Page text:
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Erosive Patches on Bilateral Nipples

Educational Objective
Based on this clinical scenario and the accompanying image, understand how to arrive at a correct diagnosis.
1 Credit CME

A 19-year-old woman presented with erosions on both nipples. Pruritic skin lesions had formed gradually over 4 weeks after a bite during sexual intercourse and persisted for approximately 8 weeks. No significant change in size or morphologic characteristics of these lesions occurred during the 8 weeks. The lesions were painless; neither fever nor associated systemic symptoms were noted. Three months later, the patient presented with an asymptomatic skin eruption. Physical examination revealed erythematous erosive patches on both nipples (Figure, A and B) and pink macules on the trunk. Lymphadenopathy and mucosal lesions were absent. Punch biopsy specimens were obtained from both nipples for histopathologic analysis (Figure, C and D).

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C. Chancres of bilateral nipples

The skin biopsy specimen from both nipples showed the similar change. Epidermis showed parakeratosis, neutrophils, and pseudoepitheliomatous hyperplasia. Diffuse and dense infiltrates composed of abundant lymphocytes, plasma cells and sparse neutrophils, eosinophils, and hemorrhage could be observed in the dermis (Figure, C). Immunohistochemical analysis for Treponema pallidum was used, which demonstrated numerous spirochetes in the epidermis and dermis (Figure, D). A rapid plasma reagin (RPR) test result was positive, with a titer of at least 1:32, and a T pallidum particle agglutination assay was reactive. A diagnosis of chancres of bilateral nipples was made. A serologic test result for infection with the human immunodeficiency virus was negative. Both the nipple lesions and the pink macules gradually resolved after intramuscular injections of benzathine penicillin G, 2.4 MU weekly for 3 weeks. The titer of RPR was negative at the 9-month follow-up.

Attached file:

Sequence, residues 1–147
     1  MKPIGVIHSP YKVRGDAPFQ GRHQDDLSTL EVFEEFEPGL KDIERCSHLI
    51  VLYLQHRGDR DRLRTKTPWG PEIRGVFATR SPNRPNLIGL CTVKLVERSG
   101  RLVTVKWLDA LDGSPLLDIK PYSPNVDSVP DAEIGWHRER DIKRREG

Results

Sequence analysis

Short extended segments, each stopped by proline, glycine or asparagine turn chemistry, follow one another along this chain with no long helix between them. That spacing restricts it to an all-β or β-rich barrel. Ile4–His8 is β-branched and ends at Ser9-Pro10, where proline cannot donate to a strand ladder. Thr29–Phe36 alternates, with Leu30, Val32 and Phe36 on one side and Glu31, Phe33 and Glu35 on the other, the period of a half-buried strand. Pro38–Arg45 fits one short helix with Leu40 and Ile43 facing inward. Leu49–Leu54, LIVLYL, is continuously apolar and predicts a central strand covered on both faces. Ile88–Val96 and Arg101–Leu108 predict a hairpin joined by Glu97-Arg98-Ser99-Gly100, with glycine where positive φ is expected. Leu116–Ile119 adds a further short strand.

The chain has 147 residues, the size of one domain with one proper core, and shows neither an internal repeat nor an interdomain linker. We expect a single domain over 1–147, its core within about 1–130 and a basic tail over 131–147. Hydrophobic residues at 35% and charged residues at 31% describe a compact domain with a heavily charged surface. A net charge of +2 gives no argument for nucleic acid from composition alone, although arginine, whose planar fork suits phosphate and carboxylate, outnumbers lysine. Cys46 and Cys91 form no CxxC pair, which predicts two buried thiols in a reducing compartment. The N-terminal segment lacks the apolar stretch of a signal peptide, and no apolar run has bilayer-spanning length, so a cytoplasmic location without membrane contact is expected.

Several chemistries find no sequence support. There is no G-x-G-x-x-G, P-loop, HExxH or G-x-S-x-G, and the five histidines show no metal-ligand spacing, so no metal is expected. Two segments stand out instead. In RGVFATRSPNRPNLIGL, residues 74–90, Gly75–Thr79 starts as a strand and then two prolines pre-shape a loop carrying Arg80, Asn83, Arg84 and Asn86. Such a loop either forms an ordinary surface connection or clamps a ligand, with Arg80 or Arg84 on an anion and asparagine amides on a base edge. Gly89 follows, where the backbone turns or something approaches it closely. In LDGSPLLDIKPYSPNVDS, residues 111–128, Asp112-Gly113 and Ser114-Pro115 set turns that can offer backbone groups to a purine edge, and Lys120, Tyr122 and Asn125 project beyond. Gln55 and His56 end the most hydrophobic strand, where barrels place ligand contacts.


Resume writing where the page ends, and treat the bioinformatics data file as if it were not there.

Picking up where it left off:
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Article Information

Corresponding Author: Jun Li, MD, Department of Dermatology, Peking Union Medical College Hospital, Chinese Academy of Medical Sciences and Peking Union Medical College. No.1 Shuaifuyuan Wangfujing Dongcheng District, Beijing, China, 100730 (lijun06321@pumch.cn).

Published Online: February 7, 2018. doi:10.1001/jamadermatol.2017.5640

Conflict of Interest Disclosures: None reported.

Additional Contributions: We thank the patient for granting permission to publish this information.

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